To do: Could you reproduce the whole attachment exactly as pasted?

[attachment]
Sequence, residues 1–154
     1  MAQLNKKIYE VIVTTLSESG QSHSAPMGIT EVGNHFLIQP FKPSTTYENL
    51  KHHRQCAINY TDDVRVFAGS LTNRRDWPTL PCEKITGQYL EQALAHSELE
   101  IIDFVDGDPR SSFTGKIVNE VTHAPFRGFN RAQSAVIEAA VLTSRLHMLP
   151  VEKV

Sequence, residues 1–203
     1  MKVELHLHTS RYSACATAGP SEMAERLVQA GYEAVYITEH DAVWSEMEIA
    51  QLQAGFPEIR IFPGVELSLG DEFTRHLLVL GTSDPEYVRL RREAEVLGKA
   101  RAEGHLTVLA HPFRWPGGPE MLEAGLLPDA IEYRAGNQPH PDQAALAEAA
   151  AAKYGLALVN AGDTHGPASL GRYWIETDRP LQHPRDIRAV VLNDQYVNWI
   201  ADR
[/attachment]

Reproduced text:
Sequence, residues 1–154
     1  MAQLNKKIYE VIVTTLSESG QSHSAPMGIT EVGNHFLIQP FKPSTTYENL
    51  KHHRQCAINY TDDVRVFAGS LTNRRDWPTL PCEKITGQYL EQALAHSELE
   101  IIDFVDGDPR SSFTGKIVNE VTHAPFRGFN RAQSAVIEAA VLTSRLHMLP
   151  VEKV

Sequence, residues 1–203
     1  MKVELHLHTS RYSACATAGP SEMAERLVQA GYEAVYITEH DAVWSEMEIA
    51  QLQAGFPEIR IFPGVELSLG DEFTRHLLVL GTSDPEYVRL RREAEVLGKA
   101  RAEGHLTVLA HPFRWPGGPE MLEAGLLPDA IEYRAGNQPH PDQAALAEAA
   151  AAKYGLALVN AGDTHGPASL GRYWIETDRP LQHPRDIRAV VLNDQYVNWI
   201  ADR